The Wisconsin Cranberry Research & Education Foundation (WCREF) today announced it is purchasing approximately 155 acres of land to host a new state-of-the-art, USDA-supported cranberry research station in Jackson County, Wis. Research conducted at the station will develop and refine cranberry growing practices to improve crop yield and quality, support the industry’s economic sustainability, minimize environmental impacts, and best manage pests and disease to benefit a nearly $1 billion state industry that supports almost 4,000 Wisconsin jobs.
The property, formerly Robinson Creek Cranberry, is being purchased through private contributions to a capital campaign, as well as Federal funds provided to the USDA Agricultural Research Service (USDA ARS) through the efforts of U.S. Senator Tammy Baldwin and Representative Sean Duffy.
“We are thrilled to have identified the site for a world-class cranberry research station for Wisconsin,” said Bill Wolfe, president of the WCREF Board of Directors. “This is a major milestone in a long-term project that will immensely benefit current and future Wisconsin cranberry growers and the industry as a whole.”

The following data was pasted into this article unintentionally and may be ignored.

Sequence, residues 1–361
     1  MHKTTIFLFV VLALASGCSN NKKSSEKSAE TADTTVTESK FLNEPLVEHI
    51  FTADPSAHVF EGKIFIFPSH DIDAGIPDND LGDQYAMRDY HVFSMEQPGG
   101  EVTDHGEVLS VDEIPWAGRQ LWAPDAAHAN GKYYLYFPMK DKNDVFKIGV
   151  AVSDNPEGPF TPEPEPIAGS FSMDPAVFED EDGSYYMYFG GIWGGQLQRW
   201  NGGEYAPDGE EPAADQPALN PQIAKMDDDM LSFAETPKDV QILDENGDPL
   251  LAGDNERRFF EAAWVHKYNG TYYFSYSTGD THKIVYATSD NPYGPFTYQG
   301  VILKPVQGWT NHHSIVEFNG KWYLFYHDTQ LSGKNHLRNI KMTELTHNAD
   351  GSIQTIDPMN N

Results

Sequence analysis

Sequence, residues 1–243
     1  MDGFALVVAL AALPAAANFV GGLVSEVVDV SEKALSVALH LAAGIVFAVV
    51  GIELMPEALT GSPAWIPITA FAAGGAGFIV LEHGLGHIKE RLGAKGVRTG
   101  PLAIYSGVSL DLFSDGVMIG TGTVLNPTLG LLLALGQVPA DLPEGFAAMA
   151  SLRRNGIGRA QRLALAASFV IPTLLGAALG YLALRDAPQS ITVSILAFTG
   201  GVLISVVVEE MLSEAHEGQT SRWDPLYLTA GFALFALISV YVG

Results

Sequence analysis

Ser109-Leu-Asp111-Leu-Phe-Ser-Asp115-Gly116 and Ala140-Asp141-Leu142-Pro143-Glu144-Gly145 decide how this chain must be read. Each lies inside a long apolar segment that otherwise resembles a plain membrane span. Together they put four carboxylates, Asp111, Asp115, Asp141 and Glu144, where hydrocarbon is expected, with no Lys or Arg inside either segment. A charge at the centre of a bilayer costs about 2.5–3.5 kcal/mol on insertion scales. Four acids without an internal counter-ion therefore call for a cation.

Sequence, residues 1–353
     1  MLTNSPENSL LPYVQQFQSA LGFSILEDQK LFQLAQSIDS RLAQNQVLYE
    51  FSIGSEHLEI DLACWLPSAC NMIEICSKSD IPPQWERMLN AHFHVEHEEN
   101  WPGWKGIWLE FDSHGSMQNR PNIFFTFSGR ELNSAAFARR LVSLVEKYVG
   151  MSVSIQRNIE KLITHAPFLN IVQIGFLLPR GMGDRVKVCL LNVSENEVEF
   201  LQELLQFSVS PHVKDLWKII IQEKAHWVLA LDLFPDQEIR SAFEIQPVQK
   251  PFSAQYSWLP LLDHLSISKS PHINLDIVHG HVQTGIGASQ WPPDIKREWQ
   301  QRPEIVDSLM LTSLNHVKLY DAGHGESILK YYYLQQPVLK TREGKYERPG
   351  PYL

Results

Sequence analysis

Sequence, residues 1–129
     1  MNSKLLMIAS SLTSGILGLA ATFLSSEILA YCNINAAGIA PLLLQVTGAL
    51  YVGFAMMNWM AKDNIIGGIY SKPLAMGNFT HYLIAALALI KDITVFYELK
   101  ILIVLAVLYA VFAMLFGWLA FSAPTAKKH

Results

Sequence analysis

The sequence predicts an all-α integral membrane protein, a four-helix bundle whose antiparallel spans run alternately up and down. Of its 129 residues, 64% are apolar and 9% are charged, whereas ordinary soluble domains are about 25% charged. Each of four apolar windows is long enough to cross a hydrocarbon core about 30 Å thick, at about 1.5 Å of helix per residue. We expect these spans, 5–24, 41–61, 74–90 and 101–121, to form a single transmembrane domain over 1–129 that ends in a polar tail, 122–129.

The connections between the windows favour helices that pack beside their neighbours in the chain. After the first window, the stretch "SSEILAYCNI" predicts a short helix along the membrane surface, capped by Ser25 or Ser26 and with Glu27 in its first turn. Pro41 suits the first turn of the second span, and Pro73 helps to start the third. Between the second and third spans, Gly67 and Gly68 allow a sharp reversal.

WCREF will start renovations later this year and research work on the property will begin in 2018. Once complete, the research station will feature experimental beds, researcher work space and a central location for field days, clinics, tradeshows and other educational workshops for the industry. The station property will also host a producing cranberry marsh with its annual crop yield helping to offset operational costs.
Despite being the largest cranberry producing state nationwide for nearly 20 years, Wisconsin was without a cranberry research station. Through concerted efforts by Senator Baldwin and Representative Duffy, Federal funding via the Federal budget helped get the project off the ground.
“We would like to thank our state Congressional leaders as well as the USDA Agricultural Research Service and dozens of individuals who generously contributed to our capital campaign,” said Tom Lochner, executive director of the Wisconsin State Cranberry Growers Association. “This support will ensure necessary research in our growing conditions in order to maintain our leadership position, significant economic impact and sustainable and progressive agricultural practices in Wisconsin. We also want to thank the Bible family for working with us to make the station a reality.”
Research at the station will be conducted by USDA ARS scientists and University of Wisconsin-Madison faculty, and will be coordinated nationally with researchers in other growing regions.
Robinson Creek Cranberry, which dates back to the 1930s, is being sold by Jim Bible, an Ocean Spray Cooperative grower. Bible will continue as a grower, as he owns several other properties in the region.